This is a stiff cover book, with the interior spine exposed, with English and Swedish translations of the brief introduction and afterword. The photographs are without captions and the pages are not numbered, very minimalist in design.  It should also be noted that Englund’s photobook was one of twenty-five books recognized for the 2009 Swedish Art Book Award.

by Douglas Stockdale

February 15, 2010

Hiroshi Watanabe – Love Point

Copyright Hiroshi Watanabe 2010, courtesy Hiroshi Watanabe and Toesisha Publishing

On first viewing of Hiroshi Watanabe’s Love Point, I find his studio portraits to be beautiful and aesthetically wonderful with a mysterious charm, but the underlying subject is a little more socially probing than I find in his earlier works.

Watanabe’s photographic studio portraits are somehow familiar. These black & white photographs are formalistically similar to those previously published in the photobook Kabuki Players (actors in costume) and his photographic projects Noh Masks of Naito Clan (masks), Ena Bunraku (puppets) and Suo Sarumawashi (performing monkeys).

His pictorial framing is structured within a square format, which in this case seems to lend itself to a meditative viewing. In his previous work, the neutral and non-textured back grounds ran the full tonal gamut, but for this series, the background is dark and featureless, mysterious and perhaps threatening.

Thematically, this current body of work, with the exception of the lead-in photograph of the exterior building, is all portraits of “women”. This series of portraits have Watanabe’s tight composition placement, the subject filling the frame, usually from the waist up, and either falling out of the sides of the frame or alternatively with a small amount of surrounding space. He effectively utilizes the composition, lighting, tonal range, subject matter balance, and occasional shallow depth of field to direct your attention to the sealant points. Much as a director would influence what and where you need to focus your attention within the frame, attempting to control the mood and feelings that are instilled by the photographic images.

In Watanabe’s earlier body of work, the subject is the investigation of a fictional illusion, whether as a subtext to a story, play or performance. He uses actors, puppets, masks and performing animals to explore the idea of fiction, fantasy and role-playing as opposed to and in contrast with reality. To explore a question that can we really differentiate between fiction and reality?

Watanabe’s previously photographed those things which represented the fictional performances or representations of mankind. In this new body of work, the boundaries of fiction and reality become increasingly blurred and tangled. He has photographed both life-like Japanese sex-dolls and live Japanese models, intermingling of the real and fictional images within this photobook. To further blur reality and fiction, the dolls are made-up, dressed and posed to appear like live women, while the live models are made-up, similarly dressed with wigs and posed to be appearing doll-like.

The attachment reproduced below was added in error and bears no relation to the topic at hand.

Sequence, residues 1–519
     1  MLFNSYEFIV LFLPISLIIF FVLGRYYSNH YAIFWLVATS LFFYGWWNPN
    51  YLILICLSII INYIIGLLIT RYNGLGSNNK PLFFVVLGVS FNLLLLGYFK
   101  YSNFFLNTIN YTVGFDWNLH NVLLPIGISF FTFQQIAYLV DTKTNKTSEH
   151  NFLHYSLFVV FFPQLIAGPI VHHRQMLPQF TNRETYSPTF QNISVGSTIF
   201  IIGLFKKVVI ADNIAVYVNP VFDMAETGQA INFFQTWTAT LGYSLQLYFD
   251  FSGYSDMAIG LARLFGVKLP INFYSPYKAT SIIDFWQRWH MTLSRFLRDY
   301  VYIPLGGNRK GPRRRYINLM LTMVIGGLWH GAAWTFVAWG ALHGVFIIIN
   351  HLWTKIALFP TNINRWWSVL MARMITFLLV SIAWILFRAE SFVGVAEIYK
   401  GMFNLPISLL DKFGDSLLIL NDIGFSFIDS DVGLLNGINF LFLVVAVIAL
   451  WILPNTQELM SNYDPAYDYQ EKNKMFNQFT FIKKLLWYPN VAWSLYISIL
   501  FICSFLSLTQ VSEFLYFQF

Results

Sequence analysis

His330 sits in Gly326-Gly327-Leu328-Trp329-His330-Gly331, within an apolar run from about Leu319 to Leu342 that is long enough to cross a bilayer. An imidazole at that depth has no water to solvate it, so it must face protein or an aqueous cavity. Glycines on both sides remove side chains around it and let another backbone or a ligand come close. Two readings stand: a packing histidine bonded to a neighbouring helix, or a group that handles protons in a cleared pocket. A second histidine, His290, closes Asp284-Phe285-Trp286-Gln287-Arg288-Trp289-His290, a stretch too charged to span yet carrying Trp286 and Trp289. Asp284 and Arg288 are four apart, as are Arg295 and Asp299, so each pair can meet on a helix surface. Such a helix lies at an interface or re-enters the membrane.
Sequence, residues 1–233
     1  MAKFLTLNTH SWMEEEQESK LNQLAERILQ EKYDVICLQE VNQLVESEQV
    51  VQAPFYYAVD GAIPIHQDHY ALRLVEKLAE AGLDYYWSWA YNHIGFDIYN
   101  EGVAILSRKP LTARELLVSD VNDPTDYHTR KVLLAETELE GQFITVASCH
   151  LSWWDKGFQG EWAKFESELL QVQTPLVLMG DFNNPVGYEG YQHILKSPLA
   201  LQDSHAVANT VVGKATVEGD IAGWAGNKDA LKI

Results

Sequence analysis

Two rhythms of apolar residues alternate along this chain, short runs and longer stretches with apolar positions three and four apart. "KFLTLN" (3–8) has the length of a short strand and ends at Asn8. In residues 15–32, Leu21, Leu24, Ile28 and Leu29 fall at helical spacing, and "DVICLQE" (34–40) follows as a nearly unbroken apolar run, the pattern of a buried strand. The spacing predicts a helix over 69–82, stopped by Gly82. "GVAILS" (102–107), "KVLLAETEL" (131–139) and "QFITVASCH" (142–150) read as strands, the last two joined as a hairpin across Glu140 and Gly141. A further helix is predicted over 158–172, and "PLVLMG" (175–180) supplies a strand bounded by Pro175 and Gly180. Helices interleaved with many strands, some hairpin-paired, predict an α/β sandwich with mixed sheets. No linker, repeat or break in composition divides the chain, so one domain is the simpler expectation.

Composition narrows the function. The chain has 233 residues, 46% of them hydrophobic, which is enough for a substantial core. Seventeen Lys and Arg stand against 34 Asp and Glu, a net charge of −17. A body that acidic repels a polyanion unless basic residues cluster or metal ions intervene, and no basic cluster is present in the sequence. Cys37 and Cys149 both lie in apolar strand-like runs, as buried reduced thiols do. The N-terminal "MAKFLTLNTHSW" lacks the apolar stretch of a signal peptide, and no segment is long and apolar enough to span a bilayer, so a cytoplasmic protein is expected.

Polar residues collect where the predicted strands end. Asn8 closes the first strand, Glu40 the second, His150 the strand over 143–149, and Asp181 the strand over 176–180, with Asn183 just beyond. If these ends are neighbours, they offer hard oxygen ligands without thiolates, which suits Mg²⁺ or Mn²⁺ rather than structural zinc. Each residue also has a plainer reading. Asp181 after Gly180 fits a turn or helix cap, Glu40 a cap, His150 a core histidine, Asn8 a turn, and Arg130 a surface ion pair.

In this body of work, his usual black and white photographs further abstract the portraits and eliminate additional clues as to which is the live model versus which is the life-like Japanese sex-dolls. It appears that he has taken license and careful consideration to make them indistinguishable. This continues his discourse on fact, fiction and fantasy.

What then is real, fictional, an illusion and maybe even a fantasy? When Jonathan Green was writing about Robert Cumming’s elaborate photographs to present the illusion of reality, he stated about this …”interventions into the observable world makes the viewer constantly question the relationship between fact and fiction, objectivity and subjectivity, the camera as recorder of reality and the camera as the fabricator of new information.”

In Watanabe’s current project, in additional to his continuing questions regarding fiction and reality, there is an underlying social commentary about the role of women and sexuality fantasy. I also read into this body of photographs a social commentary about those who attempt to be someone other than who they are, the public actor/actress (fiction) and the real person (reality).

Watanabe’s portraits are usually seen frontal, but sometimes a three-quarter or side view, usually seen from the waist up, tight framing of the shoulders and head. There are also three photographs in which the model is prone and laying down, appearing almost submissive. The clothing of the model’s, which is not entirely provocative, is symbolic of servitude, e.g. a French Maid. A “French Maid” is also symbolic of a male sexual fantasy, such as the “upstairs (bedroom) maid”, or the provocative “Lady in Waiting”, the chamber maid, the one always prepared to fulfill your sexual dreams and wishes.